European Western Balkans: What is the place of the Western Balkans in the global strategy of the EU?
Angelina Eichhorst: The EU Global Strategy on foreign and security policy, presented by High Representative Mogherini to EU Heads of State and Government in June 2016, is a clear signal to our partners in South Eastern Europe that none of us, neither the current nor future EU Member States, can deal alone with the complex challenges of today’s world. The Global Strategy is really about a common vision for facing the challenges, while pursuing our core interests, and holding fast to the fundamental values which underpin our interests. If there is one core message to take from this vision, it’s that we need each other. The EU has a strong interest in encouraging and supporting our neighbours and partners globally, and with the notion that the Western Balkans are Europe we are all one in working together. There is of course accession, a process grounded in strict and fair conditionality; there is the striving for modernity, prosperity and security; and there is the need to make the state and societal resilience of countries in South Eastern Europe really strong. What is also clear is the benefit to people’s everyday lives not just of the final destination, but also of the journey itself towards the EU, which anchors countries in stability and promotes reforms which improve a professional judiciary, economic conditions, service delivery, job creation. This is the only way to achieve our common objectives in a region whose past has too often been scarred by conflict, and it is why the importance of EU enlargement is underlined so clearly in the Global Strategy.
EWB: Bilateral disputes have become a major issue in the Western Balkan region. Do you think that the EEAS could take part in resolving such disputes, like it facilitates the Belgrade-Pristina dialogue?
AE: Regional cooperation and reconciliation, including good neighbourly relations with partners in the region, are central to relations between the EU and Western Balkan countries, and they are also a cornerstone of the Stabilisation and Association Agreements that bind us together legally. The Agreements provide a good incentive to encourage the governments of the region to tackle bilateral questions. One needs to get out of a zero-sum game approach when real problems between neighbours need to be put to an end. Political leaders of the region should, in a spirit of good and sustainable neighbourly relations, be ready to compromise. It is a sign of strength, not of weakness. It is not the EU’s role to facilitate or oversee negotiations on bilateral issues, in particular when Member States are involved, but the EU’s enlargement conditionality, as well as the focus on stronger regional cooperation, helps create the right environment, conducive to bilateral issues being resolved. The facilitation of the Belgrade-Pristina dialogue has a very special setting. The EU facilitates, we do not impose. We put as much energy into this as both sides want to put into it, and sometimes a little more, since we are committed, 24/7, to assist, convene, discuss, and agree when needed. It is a slow process, but it is meant to be sustainable, irreversible. That is our goal.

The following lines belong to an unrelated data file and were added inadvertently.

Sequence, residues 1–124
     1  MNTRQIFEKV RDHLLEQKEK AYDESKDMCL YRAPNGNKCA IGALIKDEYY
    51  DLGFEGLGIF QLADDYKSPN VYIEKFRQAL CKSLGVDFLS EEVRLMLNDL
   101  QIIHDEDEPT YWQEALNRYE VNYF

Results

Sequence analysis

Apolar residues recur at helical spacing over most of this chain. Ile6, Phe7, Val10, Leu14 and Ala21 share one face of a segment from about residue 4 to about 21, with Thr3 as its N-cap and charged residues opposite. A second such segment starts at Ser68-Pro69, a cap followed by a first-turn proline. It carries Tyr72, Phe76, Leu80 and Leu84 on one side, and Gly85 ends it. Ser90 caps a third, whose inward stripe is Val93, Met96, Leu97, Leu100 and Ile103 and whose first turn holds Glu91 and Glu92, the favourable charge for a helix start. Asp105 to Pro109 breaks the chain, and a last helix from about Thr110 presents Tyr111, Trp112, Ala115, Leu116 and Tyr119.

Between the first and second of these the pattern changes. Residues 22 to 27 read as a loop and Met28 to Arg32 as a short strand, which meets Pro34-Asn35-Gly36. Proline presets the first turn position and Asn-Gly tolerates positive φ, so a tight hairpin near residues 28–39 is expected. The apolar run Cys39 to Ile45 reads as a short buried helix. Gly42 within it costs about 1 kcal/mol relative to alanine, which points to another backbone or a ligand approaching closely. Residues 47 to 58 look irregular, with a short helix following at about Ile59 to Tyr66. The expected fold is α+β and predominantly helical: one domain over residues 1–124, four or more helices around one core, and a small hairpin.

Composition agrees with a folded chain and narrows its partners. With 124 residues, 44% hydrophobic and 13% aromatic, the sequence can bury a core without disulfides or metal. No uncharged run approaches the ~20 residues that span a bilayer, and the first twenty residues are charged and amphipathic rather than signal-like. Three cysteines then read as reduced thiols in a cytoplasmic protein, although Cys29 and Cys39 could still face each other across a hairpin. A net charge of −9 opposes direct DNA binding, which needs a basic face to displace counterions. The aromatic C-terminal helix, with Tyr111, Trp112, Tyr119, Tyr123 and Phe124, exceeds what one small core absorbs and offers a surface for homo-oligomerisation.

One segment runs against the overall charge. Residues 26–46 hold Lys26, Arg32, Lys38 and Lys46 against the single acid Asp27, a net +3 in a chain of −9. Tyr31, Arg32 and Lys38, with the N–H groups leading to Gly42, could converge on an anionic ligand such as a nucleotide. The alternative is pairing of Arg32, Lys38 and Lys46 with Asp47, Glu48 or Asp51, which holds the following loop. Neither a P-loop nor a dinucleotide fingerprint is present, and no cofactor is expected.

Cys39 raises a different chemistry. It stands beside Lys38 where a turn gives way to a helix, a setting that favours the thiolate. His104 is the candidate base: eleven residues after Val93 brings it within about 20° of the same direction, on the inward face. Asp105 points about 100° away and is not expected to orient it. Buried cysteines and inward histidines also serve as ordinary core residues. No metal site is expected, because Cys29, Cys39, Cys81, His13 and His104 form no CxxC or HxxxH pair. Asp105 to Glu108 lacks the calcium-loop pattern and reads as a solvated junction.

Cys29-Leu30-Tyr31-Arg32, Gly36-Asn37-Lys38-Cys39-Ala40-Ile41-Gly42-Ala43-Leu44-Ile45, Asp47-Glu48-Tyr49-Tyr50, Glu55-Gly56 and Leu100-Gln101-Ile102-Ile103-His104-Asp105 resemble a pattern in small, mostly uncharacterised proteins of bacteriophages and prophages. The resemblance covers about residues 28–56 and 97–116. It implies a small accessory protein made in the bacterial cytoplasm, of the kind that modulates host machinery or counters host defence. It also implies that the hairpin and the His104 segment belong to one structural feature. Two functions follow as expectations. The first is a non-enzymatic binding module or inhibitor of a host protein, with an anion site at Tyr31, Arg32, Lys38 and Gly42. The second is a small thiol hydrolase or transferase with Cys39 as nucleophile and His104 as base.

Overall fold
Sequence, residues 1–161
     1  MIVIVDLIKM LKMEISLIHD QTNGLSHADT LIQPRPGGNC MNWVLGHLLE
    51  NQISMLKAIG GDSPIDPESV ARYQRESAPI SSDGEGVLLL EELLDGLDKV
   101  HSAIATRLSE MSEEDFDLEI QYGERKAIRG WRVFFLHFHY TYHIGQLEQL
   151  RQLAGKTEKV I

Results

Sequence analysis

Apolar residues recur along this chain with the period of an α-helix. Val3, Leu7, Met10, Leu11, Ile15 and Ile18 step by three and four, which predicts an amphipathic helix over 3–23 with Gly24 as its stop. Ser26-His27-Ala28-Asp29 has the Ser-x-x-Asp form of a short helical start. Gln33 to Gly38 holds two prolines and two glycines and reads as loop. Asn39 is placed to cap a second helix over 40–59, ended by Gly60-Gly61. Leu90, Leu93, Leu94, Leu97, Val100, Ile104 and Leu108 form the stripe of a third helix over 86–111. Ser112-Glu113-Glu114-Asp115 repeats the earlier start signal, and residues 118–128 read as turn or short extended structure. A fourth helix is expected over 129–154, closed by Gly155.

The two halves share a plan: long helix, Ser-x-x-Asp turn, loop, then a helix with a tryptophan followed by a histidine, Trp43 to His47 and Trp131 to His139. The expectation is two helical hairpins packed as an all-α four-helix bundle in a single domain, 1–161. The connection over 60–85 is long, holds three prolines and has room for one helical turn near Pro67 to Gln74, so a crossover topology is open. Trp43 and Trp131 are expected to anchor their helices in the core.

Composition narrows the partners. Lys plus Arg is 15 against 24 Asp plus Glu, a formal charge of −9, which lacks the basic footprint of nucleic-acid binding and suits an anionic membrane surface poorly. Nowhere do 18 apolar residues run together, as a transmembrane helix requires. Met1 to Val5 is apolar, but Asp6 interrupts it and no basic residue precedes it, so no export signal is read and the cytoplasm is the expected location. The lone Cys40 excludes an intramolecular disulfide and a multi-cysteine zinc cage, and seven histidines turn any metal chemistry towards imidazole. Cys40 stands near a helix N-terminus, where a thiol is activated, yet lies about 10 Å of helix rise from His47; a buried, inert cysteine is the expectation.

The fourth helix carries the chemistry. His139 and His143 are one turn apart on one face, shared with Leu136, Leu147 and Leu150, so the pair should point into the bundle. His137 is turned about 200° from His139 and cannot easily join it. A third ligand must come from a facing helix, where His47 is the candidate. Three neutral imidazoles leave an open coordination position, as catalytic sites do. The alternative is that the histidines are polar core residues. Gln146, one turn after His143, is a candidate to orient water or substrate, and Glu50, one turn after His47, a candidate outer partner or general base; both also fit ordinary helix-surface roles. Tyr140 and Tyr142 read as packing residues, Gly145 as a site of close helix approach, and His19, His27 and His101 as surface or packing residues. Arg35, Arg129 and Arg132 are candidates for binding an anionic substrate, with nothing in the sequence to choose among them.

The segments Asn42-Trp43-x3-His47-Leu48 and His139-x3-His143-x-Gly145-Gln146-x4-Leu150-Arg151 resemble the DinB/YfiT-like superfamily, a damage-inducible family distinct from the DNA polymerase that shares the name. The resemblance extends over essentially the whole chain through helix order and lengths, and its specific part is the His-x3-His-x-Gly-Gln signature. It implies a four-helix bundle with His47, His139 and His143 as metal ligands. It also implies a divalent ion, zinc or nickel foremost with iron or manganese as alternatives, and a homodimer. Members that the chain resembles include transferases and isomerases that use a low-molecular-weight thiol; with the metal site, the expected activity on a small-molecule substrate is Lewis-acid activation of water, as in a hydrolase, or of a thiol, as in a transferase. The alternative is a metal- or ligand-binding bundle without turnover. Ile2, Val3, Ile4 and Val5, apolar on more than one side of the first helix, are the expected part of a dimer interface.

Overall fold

EWB: How can the Belgrade Security Forum contribute to dialogue in the Western Balkans?
AE: I believe that regional events such as the Belgrade Security Forum are really valuable in fostering closer regional ties and more effective cooperation. The European Union itself is a prime example of both the need and the effectiveness of bringing European countries to the same table to forge common solutions to common challenges. Joint work and discussion in frameworks such as the Belgrade Security Forum are useful on a number of levels: they help participants to learn from each other what approaches work best on some difficult issues; exchanging views and experiences can help build common ground and common visions on challenges that affect all of us; and the opportunity to gather in one place provides the opportunity to build formal and informal links which encourage positive relationships across the region. This all the more important in an area like security, where cooperating and coordinating across borders is the only way to address effectively the evolving challenges we face.
EWB: Mrs. Eichhorst, thank you for your time. We are looking forward to see you in Belgrade next year on Belgrade Security Forum 2017.
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